Donald Hollowell, 87, a leading civil rights attorney who once helped free the Rev. Martin Luther King Jr. from prison and worked to desegregate Atlanta's public schools, died there Monday of heart failure. Mr. Hollowell also was credited with helping desegregate the University of Georgia. Atlanta named a road after him in 1998. In the 1950s and 1960s, Mr. Hollowell was one of the lead lawyers in the desegregation of Atlanta schools. He represented Dr. King in 1960 after the civil rights leader was jailed on a traffic charge.
FEATURES
By Bill Glauber and Bill Glauber,SUN FOREIGN STAFF | October 30, 1998
LONDON -- Ted Hughes was a poet with passion and a past. Blessed with talent and stalked by controversy, he illuminated an unforgiving natural world with his brawny prose.Yet his life, career and reputation were forever linked to his stormy marriage to his first wife, Sylvia Plath, the doomed poet turned feminist icon, who committed suicide.Even with yesterday's announcement that Hughes, 68, died Wednesday after an 18-month struggle with cancer, his admirers expressed concern that past tragedy would again overshadow the mountain of work created by Britain's Poet Laureate.
FEATURES
By Encyclopedia of Literature | September 13, 1998
Sylvia Plath(1932-1963)A poet who wrote using intense imagery and focus, Plath was little known at the time of her death by suicide, but became well-recognized posthumously.She drew from her own experiences to write her only novel, "The Bell Jar." Appearing first under a pseudonym, the book describes the emotional breakdown, attempted suicide and eventual recovery of a college girl.The Collection of Poems, which includes many previously unpublished poems, was awarded the Pulitzer Prize in 1981.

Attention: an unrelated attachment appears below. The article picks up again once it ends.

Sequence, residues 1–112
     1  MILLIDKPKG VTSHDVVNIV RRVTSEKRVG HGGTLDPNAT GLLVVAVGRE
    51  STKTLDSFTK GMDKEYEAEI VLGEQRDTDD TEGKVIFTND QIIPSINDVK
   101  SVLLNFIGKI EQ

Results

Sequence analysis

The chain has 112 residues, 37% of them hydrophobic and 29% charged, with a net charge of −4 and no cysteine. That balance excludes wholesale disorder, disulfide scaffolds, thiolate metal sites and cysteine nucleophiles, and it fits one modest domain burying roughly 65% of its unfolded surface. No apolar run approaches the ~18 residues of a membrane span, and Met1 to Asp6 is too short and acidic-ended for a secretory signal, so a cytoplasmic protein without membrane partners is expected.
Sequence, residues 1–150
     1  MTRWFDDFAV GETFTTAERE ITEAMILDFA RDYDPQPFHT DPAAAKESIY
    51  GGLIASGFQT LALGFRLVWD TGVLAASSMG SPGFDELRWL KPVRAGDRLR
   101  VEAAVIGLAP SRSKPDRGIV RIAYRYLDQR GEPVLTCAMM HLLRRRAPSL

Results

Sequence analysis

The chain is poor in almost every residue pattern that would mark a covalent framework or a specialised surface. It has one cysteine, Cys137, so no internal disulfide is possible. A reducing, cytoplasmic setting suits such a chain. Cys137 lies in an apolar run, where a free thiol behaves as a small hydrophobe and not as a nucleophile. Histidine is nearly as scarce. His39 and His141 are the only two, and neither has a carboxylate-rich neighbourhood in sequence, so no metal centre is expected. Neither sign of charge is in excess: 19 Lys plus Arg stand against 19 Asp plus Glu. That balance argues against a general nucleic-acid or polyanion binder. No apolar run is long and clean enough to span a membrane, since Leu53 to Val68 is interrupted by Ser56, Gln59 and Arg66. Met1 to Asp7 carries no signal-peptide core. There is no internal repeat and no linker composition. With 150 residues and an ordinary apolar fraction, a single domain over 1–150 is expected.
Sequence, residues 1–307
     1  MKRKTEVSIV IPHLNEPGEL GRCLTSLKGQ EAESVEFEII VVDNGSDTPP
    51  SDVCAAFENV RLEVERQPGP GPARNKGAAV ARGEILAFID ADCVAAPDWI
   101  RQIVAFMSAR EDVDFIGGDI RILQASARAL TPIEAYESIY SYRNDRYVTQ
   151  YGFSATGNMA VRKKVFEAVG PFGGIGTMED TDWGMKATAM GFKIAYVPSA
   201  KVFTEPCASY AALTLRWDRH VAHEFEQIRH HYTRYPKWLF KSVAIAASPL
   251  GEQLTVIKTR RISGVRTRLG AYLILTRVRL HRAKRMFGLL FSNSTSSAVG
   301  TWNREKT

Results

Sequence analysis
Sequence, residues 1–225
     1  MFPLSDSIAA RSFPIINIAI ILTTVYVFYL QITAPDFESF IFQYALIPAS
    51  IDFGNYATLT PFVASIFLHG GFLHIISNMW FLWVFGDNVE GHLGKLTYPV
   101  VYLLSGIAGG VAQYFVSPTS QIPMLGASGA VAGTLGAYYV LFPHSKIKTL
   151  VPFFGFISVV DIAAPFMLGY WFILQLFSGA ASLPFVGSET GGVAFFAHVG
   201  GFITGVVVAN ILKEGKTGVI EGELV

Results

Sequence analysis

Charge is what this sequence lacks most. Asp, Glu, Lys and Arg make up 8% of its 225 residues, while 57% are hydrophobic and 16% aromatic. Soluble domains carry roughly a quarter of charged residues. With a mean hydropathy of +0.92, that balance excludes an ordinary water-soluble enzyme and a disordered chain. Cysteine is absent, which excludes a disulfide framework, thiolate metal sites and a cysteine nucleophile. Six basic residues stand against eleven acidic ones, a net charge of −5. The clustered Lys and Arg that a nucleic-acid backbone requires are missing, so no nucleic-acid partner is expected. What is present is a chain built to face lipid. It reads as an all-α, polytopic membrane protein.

NEWS
By Dorthea Strauss and Dorthea Strauss,special to the sun | April 5, 1998
"Bitch," by Elizabeth Wurtzel. Doubleday. 400 pages. $23.95.I take "Bitch" by Elizabeth Wurtzel to be a rebuttal of "The Rules": a shriek, protesting the hypocritical, no-saying, lady-like directives for snaring a man found in that bestseller by two triumphant housewives.Ms. Wurtzel's treatise presents an exhaustive and exhausting cast of "bitches" (in heat, of course), whose quests for power depend, largely, on beauty and sexual dynamism. The list is headed by the biblical seductress Delilah and proceeds as far as Princess Diana.